With almost 40 years of experience as an educator, Philip So’on (pictured above, right) has taught in several high schools across Papua New Guinea.

Starting as a young teacher in 1983 in New Ireland Province, Philip is now an Assistant Secretary at the National Department of Education. Philip oversees the Department’s Guidance and Counselling Division and its operations across 21 provinces.

‘My role really is to lead programs that promote student wellbeing and gender equality, making sure that schools implement the department’s Behaviour Management Policy,’ he explains.

Philip specialised in guidance and counselling during his education degree, and identified a workforce gap in this area. Keen to develop his skills further and share them with his colleagues, Philip applied for an Australia Awards Short Course in Counselling two years ago.

‘Most of my officers are teachers without counselling knowledge. I wanted the knowledge and skills on counselling so I could train them to provide the service to teachers and students and have the right values and attitudes when they visit the schools’, he says.

Philip was one of the 25 participants in the first Australia Awards Short Course counselling cohort at Griffith University in 2019. Participants represented national Departments including Education, Health and Justice and Attorney-General, as well as the private sector and NGOs such as Hargy Oil Palm and the International Committee of the Red Cross.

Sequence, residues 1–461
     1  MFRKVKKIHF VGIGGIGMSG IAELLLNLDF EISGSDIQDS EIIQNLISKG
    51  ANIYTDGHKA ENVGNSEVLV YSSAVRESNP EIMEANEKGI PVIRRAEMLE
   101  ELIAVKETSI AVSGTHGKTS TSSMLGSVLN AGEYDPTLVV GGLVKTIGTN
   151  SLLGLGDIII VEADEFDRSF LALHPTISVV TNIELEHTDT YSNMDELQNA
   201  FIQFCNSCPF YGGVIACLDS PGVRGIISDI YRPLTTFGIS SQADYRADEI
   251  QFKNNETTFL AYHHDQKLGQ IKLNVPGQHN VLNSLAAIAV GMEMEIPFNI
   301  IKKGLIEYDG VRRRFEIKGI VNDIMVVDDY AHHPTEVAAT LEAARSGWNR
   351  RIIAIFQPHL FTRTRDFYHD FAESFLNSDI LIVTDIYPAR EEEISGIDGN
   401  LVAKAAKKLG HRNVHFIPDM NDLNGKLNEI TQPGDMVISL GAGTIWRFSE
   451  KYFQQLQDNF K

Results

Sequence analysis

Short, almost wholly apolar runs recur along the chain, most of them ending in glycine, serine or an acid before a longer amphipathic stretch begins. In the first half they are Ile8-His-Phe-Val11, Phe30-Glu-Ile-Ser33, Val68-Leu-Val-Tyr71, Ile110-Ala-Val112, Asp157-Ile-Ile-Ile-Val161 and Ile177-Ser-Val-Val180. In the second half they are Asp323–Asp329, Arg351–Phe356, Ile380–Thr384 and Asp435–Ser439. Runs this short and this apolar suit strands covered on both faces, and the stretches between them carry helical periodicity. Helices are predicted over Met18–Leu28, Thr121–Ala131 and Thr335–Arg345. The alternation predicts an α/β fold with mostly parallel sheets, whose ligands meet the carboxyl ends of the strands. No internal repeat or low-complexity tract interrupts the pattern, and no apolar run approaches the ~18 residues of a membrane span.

The cohort secured a 100 per cent completion rate and today are sharing their skills across PNG in support of community wellbeing, development and the PNG-Australia Partnership.

In Philip’s case, this has involved developing a training manual for guidance officers and teachers in schools. Philip developed the resource as part of the work-based project that is part of all Australia Awards Short Courses.

Philip successfully implemented his project in 2020 after receiving endorsement from the National Department of Education. He has used the training manual to provide basic counselling training to over 60 staff across the department. He says the training was particularly timely given the challenges of COVID-19.

‘The work of guidance officers during the pandemic is crucial. The emotional aspect of students’ lives is just as important as the academic aspect. If not for the Short Course, I would not have the knowledge, skills and right attitude to deliver these trainings.’

Philip hopes that the importance of guidance and counselling in schools, and the link between emotional wellbeing and teachers’ and students’ performance, remain a priority.

‘Proper guidance and counselling can change the teaching and learning experience of teachers and students in PNG.’